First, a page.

This is a land of opportunity, a land of capitalism with certain safeguards so the system does not become oppressive and only benefit a few. It is a place for the pursuit of happiness, as long as your pursuit doesn't harm anyone. It is a place for all to practice their religion as long as it does not harm others.

This is the American way: truth, justice, and all that stuff.

What's some stuff I've forgotten?

Monday, August 07, 2006

4 Ezra

4 Ezra is a Jewish writing that dates to about AD100, meaning that it was written at about the same time Revelation and the latest parts of the NT were coming off the press (so to speak). I've had to dabble in it for years of course, but finally sat down and read it from front to end at leisure. It's basically written by someone trying to figure out what God is up to after not only letting the Romans destroy Jerusalem and the temple, but in letting it just sit there in the dust for thirty more years after.

It's about the problem of evil from a Jewish perspective and why God allows bad things to happen to His people while letting the wicked prosper their socks off.

4 Ezra is an apocalypse like Revelation, some of Daniel, some of 1 Enoch, etc... It is placed on the lips of Ezra because Babylon had destroyed Jerusalem and its temple once before as well. Of course historically, the temple was rebuilt by the time of Ezra and the Persians were in control. An earlier generation of scholars might laugh or scorn the author of 4 Ezra at this point, saying, "Ha, ha, ha, ha, ha, ha, you silly forgerer--you got it way wrong. How about taking responsibility for your own ideas rather than hiding behind someone else."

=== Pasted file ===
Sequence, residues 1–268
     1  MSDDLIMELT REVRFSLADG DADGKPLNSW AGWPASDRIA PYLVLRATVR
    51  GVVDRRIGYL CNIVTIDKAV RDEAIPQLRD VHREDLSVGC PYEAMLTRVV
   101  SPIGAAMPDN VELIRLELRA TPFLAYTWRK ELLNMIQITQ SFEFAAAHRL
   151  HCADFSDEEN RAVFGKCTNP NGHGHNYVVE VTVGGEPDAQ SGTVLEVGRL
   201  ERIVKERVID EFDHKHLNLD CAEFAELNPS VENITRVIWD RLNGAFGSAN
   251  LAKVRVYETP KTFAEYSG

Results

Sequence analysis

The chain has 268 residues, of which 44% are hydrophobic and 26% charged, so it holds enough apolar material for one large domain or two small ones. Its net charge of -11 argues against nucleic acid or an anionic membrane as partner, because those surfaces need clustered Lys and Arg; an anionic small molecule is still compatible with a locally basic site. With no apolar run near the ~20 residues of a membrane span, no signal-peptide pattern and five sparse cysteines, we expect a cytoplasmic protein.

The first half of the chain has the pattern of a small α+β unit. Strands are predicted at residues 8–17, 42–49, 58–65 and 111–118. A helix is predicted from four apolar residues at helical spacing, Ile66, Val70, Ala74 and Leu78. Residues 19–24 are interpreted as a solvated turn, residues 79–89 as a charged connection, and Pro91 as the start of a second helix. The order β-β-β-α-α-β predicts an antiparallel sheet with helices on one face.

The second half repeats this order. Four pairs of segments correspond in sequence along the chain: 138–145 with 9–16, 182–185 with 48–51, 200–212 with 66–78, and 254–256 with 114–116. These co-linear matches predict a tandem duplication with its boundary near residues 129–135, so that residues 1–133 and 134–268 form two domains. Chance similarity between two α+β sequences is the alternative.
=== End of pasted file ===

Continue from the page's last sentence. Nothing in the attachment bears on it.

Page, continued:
But this seems an ignorant response itself, one laden with anachronistic and cultural presuppositions. I have a pet theory (which is either itself ignorant, has already been suggested before, or is something I should publish quickly) that many pseudonymous authors put "fail safe switches" into their writings just to make it clear that they weren't really writing about Ezra, Judith, or whoever. It was like a clue to say, "This is a parable of our present time." If this is the case, of course, then it is wrong to dismiss such writings simply because they weren't written by the name on them. I mean, no one scorns Dickens, "I just found out he made it all up... There never was a Tiny Tim!!" I'm sorry, who are you? It's a novel, twit. And so it may be that these things were simply an ancient type of writing with which we are not familiar and thus don't know the "rules" on how to read them.

The Top Ten Interesting or Relevant Things about 4 Ezra:

1. It mentions Adam as the culprit behind the mess of the world.
Believe it or not, Paul's idea that sin and death entered the world through Adam is a pretty unusual idea in Judaism. The Enoch books which are before Christ more blame fallen angels from the time of the Flood. In fact, it is not until a (perhaps first century BC) work called the Life of Adam and Eve that any Jewish writing even equates Satan with the serpent in the Garden of Eden. Genesis never says this.

"A grain of evil seed was sown in Adam's heart from the beginning, and how much ungodliness it has produced until now--and will produce until the time of threshing comes!" (2 Esdras 4:30; cf. 7:11; translations from the NRSV; it was originally in Hebrew or Aramaic, but no longer survives in the original language)

More on Adam: 6:54; 7:118.

2. It has a full blown sense of the afterlife.